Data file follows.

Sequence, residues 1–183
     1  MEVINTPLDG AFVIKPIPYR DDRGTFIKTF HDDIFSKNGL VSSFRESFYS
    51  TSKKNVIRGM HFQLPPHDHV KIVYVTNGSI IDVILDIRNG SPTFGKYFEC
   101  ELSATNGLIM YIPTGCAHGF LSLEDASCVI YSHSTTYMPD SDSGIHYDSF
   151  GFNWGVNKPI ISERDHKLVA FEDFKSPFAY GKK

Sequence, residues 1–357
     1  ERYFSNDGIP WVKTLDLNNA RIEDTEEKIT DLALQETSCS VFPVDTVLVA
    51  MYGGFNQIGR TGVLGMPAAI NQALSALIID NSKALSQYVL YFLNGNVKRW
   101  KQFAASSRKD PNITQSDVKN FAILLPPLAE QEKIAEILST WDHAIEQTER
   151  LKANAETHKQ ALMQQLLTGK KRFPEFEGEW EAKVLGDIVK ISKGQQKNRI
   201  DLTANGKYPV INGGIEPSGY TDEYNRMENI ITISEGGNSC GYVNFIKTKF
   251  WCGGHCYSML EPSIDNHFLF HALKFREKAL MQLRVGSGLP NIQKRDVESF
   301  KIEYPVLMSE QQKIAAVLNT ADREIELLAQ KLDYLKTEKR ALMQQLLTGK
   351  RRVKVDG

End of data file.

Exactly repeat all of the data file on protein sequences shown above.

Sequence, residues 1–183
     1  MEVINTPLDG AFVIKPIPYR DDRGTFIKTF HDDIFSKNGL VSSFRESFYS
    51  TSKKNVIRGM HFQLPPHDHV KIVYVTNGSI IDVILDIRNG SPTFGKYFEC
   101  ELSATNGLIM YIPTGCAHGF LSLEDASCVI YSHSTTYMPD SDSGIHYDSF
   151  GFNWGVNKPI ISERDHKLVA FEDFKSPFAY GKK

Sequence, residues 1–357
     1  ERYFSNDGIP WVKTLDLNNA RIEDTEEKIT DLALQETSCS VFPVDTVLVA
    51  MYGGFNQIGR TGVLGMPAAI NQALSALIID NSKALSQYVL YFLNGNVKRW
   101  KQFAASSRKD PNITQSDVKN FAILLPPLAE QEKIAEILST WDHAIEQTER
   151  LKANAETHKQ ALMQQLLTGK KRFPEFEGEW EAKVLGDIVK ISKGQQKNRI
   201  DLTANGKYPV INGGIEPSGY TDEYNRMENI ITISEGGNSC GYVNFIKTKF
   251  WCGGHCYSML EPSIDNHFLF HALKFREKAL MQLRVGSGLP NIQKRDVESF
   301  KIEYPVLMSE QQKIAAVLNT ADREIELLAQ KLDYLKTEKR ALMQQLLTGK
   351  RRVKVDG